Q. What is a light station?
A light station has several buildings on the grounds, including a lighthouse or tower. In some locations, there is only a lighthouse, in which the keeper both lived and worked. However, the larger lights, in particular, tended to be part of a light station. At Cape Hatteras, the light station is currently made up of the lighthouse, oil house, Principal Keeper’s Quarters, Double Keepers’ Quarters, and cisterns. In the past, other buildings such as kitchens, privies and sheds were also part of the light station.
Q. What are the surrounding structures?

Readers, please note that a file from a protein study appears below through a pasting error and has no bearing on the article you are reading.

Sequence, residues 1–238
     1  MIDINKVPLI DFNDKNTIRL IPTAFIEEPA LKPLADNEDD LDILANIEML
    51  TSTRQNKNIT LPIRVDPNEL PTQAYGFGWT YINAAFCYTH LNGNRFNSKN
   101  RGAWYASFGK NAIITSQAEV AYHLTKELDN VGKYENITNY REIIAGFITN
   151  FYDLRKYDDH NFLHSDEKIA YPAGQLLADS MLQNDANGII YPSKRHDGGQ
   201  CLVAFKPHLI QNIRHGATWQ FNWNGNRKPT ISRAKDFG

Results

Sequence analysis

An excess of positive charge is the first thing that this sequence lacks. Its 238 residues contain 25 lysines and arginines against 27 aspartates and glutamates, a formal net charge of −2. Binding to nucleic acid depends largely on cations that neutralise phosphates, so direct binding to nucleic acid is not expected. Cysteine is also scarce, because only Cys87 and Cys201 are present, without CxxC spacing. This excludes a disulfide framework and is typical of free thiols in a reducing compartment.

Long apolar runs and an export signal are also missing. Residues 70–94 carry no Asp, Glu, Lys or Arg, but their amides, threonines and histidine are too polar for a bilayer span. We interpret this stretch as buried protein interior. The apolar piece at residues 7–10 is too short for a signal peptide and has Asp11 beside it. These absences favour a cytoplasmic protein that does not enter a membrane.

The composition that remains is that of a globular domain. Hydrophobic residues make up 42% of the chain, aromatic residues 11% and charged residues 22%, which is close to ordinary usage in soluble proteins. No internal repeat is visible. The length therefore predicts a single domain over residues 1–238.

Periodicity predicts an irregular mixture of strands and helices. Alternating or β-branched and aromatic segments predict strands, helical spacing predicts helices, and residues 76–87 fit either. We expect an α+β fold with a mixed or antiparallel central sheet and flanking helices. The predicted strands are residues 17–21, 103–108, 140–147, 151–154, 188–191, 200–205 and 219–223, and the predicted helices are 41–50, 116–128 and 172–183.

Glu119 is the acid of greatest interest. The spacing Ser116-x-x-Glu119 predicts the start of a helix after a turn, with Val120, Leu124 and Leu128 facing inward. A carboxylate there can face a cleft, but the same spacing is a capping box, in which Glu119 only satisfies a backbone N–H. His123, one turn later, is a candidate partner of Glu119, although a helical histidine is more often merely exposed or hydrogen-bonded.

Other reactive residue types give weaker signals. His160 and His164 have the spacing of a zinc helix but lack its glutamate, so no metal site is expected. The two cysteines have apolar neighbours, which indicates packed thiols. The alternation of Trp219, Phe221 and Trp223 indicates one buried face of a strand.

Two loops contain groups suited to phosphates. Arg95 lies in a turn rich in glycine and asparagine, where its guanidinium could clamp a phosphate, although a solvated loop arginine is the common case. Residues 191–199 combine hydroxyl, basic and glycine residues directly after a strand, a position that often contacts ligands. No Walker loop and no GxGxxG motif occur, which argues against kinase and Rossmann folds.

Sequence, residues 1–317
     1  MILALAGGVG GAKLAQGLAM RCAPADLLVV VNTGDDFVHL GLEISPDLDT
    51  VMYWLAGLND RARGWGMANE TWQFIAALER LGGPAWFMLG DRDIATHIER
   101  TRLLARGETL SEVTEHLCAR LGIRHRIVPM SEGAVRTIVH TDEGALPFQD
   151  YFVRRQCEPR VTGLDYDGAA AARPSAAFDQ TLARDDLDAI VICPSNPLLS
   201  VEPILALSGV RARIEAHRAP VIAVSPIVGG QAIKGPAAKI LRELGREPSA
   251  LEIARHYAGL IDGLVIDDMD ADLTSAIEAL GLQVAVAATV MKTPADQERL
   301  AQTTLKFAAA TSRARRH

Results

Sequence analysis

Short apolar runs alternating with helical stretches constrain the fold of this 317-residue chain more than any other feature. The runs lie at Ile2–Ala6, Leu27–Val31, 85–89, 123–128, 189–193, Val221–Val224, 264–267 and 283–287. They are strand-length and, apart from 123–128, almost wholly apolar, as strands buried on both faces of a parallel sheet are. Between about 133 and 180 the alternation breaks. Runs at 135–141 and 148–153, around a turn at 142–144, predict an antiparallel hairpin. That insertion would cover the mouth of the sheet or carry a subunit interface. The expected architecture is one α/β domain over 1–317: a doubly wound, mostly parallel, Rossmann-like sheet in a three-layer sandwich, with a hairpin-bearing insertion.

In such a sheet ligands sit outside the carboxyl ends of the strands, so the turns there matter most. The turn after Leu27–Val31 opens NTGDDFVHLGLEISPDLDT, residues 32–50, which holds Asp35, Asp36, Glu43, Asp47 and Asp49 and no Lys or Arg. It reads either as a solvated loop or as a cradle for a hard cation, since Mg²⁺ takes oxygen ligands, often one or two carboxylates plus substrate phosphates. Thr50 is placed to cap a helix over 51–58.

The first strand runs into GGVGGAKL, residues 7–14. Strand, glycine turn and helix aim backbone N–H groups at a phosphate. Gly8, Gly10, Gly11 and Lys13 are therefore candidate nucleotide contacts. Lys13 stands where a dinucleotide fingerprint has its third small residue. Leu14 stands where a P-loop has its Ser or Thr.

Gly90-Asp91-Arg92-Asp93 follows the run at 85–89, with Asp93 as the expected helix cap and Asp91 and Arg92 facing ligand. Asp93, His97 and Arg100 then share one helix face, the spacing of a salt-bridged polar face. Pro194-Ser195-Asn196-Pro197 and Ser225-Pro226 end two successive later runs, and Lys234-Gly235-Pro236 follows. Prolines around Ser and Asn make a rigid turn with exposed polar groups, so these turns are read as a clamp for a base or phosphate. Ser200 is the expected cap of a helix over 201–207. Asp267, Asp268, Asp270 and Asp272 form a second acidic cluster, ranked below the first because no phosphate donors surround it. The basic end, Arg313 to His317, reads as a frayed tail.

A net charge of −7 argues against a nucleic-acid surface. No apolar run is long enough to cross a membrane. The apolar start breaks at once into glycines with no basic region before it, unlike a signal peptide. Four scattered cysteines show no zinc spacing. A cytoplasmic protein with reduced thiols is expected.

The small red brick building was the oil house built in 1892, where the flammable fuel was kept, and later, an emergency generator. Originally, surrounding the lighthouse was a wrought iron fence supported by granite footing, built to prevent livestock from causing erosion at the base of the tower - the white plastic fence is a recent Park Service addition. (In the interim there were two other fences). The smaller white house, once painted pink (the “pink house” to many older residents) was the Principal Keeper’s Quarters where he lived with his family. The larger building or Double Keepers’ Quarters was built in 1854 as a duplex, to serve a keeper and an assistant. When it was determined that the station needed more help, the Principal Keeper’s Quarters was built and the Double Keepers’ Quarters housed the assistants. The large square structures near the houses are the cisterns.